Aurora Forecast in Iceland now
Updated at 14:20, 19. March 2020
We will resume the text analysis Aurora Forecast in Iceland Now next season. Below we give an explanation of all the deciding factors for a Northern Lights sighting and what to look for in a forecast. For a long term forecast scroll all the way to the bottom.
Aurora Forecast in Iceland Now
You will always see the updated forecast on our front page: www.auroraforecast.is
Bear in mind that a forecast is a forecast, not a sneak peek into future. A forecast can change and it can be inaccurate. Always review the newest weather data and driving conditions before heading out on your Northern Lights hunt for the evening.
If you are in the capital area we recommend a visit to these Aurora facilities:
- Aurora Basecamp:Northern Lights Observatory, with a real-time simulation
- Aurora Reykjavik: Information Center, with virtual reality Northern Lights
- Perlan: Áróra, Northern Lights Planetarium Show
Read on to familiarise yourself with the elaborate world of forecasting a successful sighting of Northern Lights:
How to read the Aurora Forecast in Iceland Now
Northern Lights Activity
Geomagnetic activity is forecast on a Kp scale of 0-9. This is not a probability scale, but a forecast of how high on the sky activity is expected to reach. Rarely does activity go over 3, very rarely over 5 and almost never does it go to 8 or 9. Due to the location of Iceland, right under the Aurora oval, we can see the whole range of Aurora activity!
Simply put, if the sky is completely dark and clear of clouds a K-0 activity will be seen low on the northern sky. K-4/5 is overhead, and anything above will be seen towards the southern sky. More on the Kp scale here.
The single most important deciding factor for a successful Northern Lights sighting is the cloud cover, because clouds can block even the most vivid Auroras. Incidentally, forecasting cloud cover is very difficult. Never take cloud cover forecasts literally, always evaluate them alongside satellite images and your own observations.
On the front page you will find the satellite images and colourful cloud cover forecasts. Where there is no colour the sky is forecast to be clear of clouds.
Purple: low level clouds
Orange/red: mid level clouds
Green: high level clouds
Low and mid level clouds are the biggest concern. High level clouds can be thin and, especially with strong activity, Auroras can often be seen through them. Learn more about using the cloud cover forecast here.
Moon Light Pollution
Annoyingly for Aurora hunters, moonlight is in itself a light pollutant and can wash out mild Auroras if it’s bright enough. Also, high clouds are likely to suck up bright moonlight becoming a cover of white light, blocking visibility of Northern Lights.
Ironically, October’s full moon is commonly known as Hunter’s Moon. Whereas a Northern Lights hunter’s moon would be a No Moon.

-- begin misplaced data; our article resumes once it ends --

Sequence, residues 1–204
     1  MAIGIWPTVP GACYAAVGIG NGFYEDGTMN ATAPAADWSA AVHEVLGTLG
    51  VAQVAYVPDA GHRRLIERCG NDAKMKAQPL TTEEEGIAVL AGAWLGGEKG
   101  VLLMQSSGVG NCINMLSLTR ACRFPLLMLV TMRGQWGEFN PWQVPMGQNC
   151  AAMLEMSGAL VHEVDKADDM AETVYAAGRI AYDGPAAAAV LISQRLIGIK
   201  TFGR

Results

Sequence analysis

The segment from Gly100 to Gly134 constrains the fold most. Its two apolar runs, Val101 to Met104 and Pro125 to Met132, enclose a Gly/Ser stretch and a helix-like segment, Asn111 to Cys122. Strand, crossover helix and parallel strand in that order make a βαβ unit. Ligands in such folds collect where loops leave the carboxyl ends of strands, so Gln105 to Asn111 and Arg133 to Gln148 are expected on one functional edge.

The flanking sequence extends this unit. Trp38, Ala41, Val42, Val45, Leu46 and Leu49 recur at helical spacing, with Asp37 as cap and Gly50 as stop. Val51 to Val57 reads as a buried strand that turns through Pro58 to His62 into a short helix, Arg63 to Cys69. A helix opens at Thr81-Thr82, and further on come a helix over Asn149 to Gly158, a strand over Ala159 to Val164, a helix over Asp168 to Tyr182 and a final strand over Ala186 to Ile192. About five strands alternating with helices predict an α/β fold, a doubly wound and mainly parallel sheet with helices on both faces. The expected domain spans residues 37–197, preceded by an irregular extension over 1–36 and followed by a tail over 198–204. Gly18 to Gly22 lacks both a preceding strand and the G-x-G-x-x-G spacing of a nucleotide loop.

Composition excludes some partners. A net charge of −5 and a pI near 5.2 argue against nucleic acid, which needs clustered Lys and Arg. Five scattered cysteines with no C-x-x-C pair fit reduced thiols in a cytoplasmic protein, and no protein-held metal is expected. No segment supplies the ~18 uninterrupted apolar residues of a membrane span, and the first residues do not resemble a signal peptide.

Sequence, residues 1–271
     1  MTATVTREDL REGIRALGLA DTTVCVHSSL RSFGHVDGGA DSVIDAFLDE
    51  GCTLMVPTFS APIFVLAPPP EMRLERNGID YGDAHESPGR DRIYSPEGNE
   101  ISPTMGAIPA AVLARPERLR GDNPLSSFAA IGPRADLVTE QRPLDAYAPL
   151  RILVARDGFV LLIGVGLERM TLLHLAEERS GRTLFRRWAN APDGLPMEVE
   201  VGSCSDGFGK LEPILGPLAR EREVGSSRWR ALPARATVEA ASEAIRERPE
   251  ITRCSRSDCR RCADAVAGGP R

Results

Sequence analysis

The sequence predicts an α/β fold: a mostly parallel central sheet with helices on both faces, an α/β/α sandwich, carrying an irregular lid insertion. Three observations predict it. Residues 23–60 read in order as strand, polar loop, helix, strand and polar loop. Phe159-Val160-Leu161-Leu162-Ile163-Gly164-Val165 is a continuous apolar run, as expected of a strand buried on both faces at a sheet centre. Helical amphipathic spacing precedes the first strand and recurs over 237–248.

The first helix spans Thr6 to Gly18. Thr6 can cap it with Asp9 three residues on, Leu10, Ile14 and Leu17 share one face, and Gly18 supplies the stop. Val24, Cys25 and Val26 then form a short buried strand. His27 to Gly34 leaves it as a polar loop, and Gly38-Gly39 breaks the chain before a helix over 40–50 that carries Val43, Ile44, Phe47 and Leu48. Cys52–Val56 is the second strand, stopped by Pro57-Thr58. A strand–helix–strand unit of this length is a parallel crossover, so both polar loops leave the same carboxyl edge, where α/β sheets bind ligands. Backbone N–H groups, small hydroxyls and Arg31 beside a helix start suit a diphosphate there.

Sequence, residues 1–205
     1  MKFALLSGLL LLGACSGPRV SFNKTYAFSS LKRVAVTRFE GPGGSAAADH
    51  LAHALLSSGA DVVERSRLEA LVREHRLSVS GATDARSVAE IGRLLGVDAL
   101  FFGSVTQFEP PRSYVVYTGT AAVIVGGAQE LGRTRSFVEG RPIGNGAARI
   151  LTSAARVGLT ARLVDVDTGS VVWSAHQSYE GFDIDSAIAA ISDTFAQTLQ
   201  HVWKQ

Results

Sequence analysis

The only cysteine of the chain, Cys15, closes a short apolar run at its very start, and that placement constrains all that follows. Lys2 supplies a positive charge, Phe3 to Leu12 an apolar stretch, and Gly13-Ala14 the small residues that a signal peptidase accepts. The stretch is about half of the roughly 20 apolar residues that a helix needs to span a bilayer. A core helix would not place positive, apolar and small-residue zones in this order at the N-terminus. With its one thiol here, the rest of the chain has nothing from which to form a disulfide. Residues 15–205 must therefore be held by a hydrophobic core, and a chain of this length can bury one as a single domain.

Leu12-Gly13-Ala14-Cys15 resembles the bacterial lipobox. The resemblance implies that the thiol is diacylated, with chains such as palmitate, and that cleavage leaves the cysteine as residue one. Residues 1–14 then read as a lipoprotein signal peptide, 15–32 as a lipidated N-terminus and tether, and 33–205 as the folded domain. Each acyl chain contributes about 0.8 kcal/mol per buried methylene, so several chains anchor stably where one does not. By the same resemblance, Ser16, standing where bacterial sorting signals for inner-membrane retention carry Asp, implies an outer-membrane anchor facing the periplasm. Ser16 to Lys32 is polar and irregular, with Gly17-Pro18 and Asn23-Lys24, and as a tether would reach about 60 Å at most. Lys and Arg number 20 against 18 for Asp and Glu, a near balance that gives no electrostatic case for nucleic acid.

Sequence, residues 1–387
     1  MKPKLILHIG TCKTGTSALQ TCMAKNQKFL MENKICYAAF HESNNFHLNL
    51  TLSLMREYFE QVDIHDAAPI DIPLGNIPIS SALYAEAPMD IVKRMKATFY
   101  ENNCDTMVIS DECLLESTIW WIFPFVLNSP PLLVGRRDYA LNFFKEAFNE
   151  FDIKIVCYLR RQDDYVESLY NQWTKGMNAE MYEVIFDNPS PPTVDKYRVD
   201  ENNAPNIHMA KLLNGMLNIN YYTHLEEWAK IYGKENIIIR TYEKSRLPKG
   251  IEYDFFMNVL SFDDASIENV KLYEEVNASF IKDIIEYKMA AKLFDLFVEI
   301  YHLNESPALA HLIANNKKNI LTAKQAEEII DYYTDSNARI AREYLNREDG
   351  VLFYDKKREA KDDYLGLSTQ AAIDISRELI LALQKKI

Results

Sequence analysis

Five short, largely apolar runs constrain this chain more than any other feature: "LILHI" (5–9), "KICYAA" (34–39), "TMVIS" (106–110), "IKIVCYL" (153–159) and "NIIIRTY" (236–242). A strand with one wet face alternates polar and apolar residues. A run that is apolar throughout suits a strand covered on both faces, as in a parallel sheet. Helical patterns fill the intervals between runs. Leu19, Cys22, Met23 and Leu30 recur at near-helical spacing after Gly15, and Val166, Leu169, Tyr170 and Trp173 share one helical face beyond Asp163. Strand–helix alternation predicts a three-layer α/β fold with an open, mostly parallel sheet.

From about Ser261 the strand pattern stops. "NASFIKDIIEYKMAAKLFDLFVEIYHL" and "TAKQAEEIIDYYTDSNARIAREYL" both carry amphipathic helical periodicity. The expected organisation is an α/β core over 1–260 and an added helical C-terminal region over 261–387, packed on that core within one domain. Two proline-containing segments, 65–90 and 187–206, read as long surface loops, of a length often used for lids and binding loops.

What time are the Northern Lights most likely to appear?
Lady Aurora can do her dance day or night. Basically, as long as you have darkness and at least a partly clear sky you have a fair shot at seeing some of her awesome moves. Once she stops don’t be fooled as she can re-appear just as fast as she disappears. If you are a fanatic, get an app to wake you up with an alert when the lights start moving. We recommend Live Aurora Network. Then you can wake up to a 5am alert (for example), if that’s when Aurora decides to show up, and hopefully the display lasts long enough for you to leg it out of the house in your jammies!
Should you join a tour or go on your own?
If seeing the Northern Lights is your priority, and you are here for only a few days, we recommend you maximise your chance by joining a Northern Lights tour. A professional guide has the knowledge and experience you probably don’t. They will know all the best viewing spots. They will explain the amazing science behind this natural phenomena along with entertaining folklore stories and myths. Some will even point out other fascinating objects on the sky; planets, constellations and starsigns. And some will take your photo under the Northern Lights. There is a variety of tour options to choose from and we cover their pro’s and con’s in this blog.
If you are happy reading the weather and are confident to venture out on your own, always check the Safe Travel and Safe websites first as it can be tricky driving on Icelandic roads in winter. Once on the road in search for a clear sky, your best tool is the Satellite Clouds image. Park safely off the road while you browse the website or have a friend do that. When you find a clear sky there is no need to look further, now you start waiting. The Auroras can happen as quickly as lightning. Keep your eyes peeled. Also, make sure you don’t have anything blocking your view towards North, like a big mountain.
Long Term Aurora Forecast
Are you planning your vacation in advance around seeing the Aurora? Check out the long term forecast at SpaceWeatherLive.com. You can’t rely on it 100%, any more than any other forecast, and there is no way to forecast the cloud cover in advance, but it may help you choose the date for your holiday Northern Lights hunt in Iceland. Then cross your fingers for the clouds to disappear!
Happy Aurora Hunting!
We hope this helps, but remember a forecast is a forecast, not a sneak peek into future. A forecast can change, and it can be inaccurate. Always review the newest weather data before heading out on your Northern Lights hunt for the evening.
We’d love to see how you get on. Tag us in your photos on Instagram: aurora_forecast_iceland and on Facebook: Aurora Forecast Iceland. Here’s a handy guide on How to Photograph Northern Lights.
Thank you to Happyworld Iceland Northern Lights Hunters for the featured image in this article!